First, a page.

Holding space is a subtle art and a vital skill that a leader can learn. A key enabler is to build a ‘container’ which is a safe enough space for people to show up as themselves and feel valued.
A ‘check-in’ process is a key tool for creating a space where people can ’land.’ It changes the atmosphere in a room when you give people the opportunity to ‘arrive’ fully. People’s presence – their undivided attention – is the most valuable resource in any organisation. Helping participants to let go of their journeys to arrive and put to one side distractions makes their speaking and thinking richer.
A ‘check-in’ also sets a pattern of roughly equal airtime. In an article originally published in Science in 2010, psychologists at the MIT Sloan School of Management found that several factors we might expect to be associated with effective teams were not relevant. These included the average IQ of the group, the IQ of the smartest member and the size of the group. The groups that were more likely to perform well were the ones where conversational turn-taking took place. Groups with a more even pattern of participation outperformed groups where one or two individuals dominated, even in more seemingly ‘intelligent’ groups.
A simple way to establish a pattern of full participation is to start with a ’check-in’. A check-in creates a ‘container’, making it less likely that one or two people will dominate the airwaves. It is easier for those who struggle to find their voice to speak after they have spoken once. The mix of different voices creates ‘psychological safety’ when people feel able to speak truthfully from their unique perspective.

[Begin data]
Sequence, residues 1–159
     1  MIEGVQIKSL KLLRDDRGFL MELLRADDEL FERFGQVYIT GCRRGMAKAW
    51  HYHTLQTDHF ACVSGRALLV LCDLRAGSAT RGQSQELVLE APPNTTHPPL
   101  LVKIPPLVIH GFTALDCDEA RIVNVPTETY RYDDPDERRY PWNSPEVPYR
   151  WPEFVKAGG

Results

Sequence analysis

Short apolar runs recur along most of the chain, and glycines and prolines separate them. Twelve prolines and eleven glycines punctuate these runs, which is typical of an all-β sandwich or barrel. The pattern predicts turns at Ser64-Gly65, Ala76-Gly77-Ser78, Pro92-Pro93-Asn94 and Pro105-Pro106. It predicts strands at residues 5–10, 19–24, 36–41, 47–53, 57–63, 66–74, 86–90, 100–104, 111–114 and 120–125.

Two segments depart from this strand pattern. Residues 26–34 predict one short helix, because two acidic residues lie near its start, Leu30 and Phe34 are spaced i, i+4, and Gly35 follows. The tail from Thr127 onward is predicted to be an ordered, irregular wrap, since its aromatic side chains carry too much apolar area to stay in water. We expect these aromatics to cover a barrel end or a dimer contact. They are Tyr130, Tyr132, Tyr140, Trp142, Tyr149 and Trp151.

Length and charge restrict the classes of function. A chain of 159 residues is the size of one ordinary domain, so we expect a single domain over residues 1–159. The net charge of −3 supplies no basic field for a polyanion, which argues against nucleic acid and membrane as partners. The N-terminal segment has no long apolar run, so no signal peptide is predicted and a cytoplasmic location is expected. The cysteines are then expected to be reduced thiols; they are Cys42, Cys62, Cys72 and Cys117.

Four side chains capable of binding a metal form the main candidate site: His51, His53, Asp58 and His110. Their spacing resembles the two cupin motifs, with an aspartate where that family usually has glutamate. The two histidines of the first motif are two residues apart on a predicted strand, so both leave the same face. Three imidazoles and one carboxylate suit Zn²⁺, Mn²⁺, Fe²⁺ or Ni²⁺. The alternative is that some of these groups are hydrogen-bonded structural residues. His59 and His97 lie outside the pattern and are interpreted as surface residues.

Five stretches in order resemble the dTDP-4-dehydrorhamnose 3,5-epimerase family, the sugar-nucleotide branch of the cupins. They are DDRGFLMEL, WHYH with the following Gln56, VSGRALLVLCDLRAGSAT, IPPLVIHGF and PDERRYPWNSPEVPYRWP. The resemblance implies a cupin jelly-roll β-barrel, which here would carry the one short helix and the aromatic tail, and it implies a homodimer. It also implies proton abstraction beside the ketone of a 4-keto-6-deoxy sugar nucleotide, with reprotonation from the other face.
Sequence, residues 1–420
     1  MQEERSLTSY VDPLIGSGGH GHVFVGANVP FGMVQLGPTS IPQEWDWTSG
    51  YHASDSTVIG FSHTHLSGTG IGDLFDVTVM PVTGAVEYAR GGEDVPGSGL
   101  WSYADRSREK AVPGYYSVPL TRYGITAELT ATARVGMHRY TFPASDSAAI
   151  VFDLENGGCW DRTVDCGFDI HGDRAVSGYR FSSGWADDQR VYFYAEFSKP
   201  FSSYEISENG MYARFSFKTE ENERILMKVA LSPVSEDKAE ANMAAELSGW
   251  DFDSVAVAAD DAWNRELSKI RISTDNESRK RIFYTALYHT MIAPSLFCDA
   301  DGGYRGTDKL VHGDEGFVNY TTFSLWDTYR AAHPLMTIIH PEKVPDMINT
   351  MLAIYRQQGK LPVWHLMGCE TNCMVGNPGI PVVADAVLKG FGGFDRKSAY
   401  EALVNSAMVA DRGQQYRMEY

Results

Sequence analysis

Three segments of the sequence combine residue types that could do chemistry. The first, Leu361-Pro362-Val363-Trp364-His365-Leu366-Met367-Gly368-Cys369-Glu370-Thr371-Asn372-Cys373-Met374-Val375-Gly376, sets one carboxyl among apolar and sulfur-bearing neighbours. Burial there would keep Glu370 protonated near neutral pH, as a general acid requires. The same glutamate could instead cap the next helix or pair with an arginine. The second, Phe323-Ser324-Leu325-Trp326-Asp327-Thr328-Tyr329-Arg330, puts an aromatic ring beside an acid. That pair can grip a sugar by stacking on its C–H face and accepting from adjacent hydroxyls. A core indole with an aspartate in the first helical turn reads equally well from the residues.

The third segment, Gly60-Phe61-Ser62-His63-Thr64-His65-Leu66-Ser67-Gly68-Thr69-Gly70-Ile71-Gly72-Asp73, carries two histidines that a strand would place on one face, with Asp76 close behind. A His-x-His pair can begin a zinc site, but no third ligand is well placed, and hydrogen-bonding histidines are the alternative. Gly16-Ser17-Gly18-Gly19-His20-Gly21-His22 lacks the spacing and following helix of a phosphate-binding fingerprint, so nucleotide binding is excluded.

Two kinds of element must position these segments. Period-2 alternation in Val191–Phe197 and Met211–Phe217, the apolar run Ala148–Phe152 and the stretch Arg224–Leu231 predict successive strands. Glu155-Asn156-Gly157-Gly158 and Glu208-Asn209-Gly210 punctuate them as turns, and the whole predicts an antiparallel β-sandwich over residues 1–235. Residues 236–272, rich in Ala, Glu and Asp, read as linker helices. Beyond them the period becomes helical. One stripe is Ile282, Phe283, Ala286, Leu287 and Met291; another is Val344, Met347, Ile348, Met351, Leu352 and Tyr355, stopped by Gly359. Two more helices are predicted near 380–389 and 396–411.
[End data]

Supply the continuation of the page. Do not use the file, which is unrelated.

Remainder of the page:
How to hold a ‘check-in’
Think about a future meeting where it will be helpful to have full participation. What would be the benefits of starting to work in a more connected, human-centred way? What could be the challenges? Talk through your intention to start a meeting in a different way with a trusted colleague to help settle any nerves you might be feeling.
Mull over what ‘check-in’ question you could use at the start of the meeting to hear something from each person. Possible check-in questions include: What would be a great outcome from this session? What’s a question you’re holding that would be good for us to explore? What would you want a stakeholder to say about this meeting’s impact? Think about how you will express yourself authentically and the tone you want to set for others.
Finally, identify what process you’ll use. Will you (a) go round the table/circle/screen; (b) invite people to participate in a more random way by sensing when it’s their turn; (c) ask the person who’s spoken to ‘pass the baton’ and choose the next person; or (d) do something else? If you’re on a video call, you might invite people to speak in alphabetical order. With a global team, you could move from the southern hemisphere to the northern hemisphere or vice-versa (this geography ‘test’ might generate some much-needed mirth.)
Holding a check-in takes time and energy but it’s an investment that pays dividends. The conversation is richer as the group is more cohesive. It is not the responsibility of a leader to come up with all the great ideas, but it is their responsibility to create an environment in which great ideas can flow.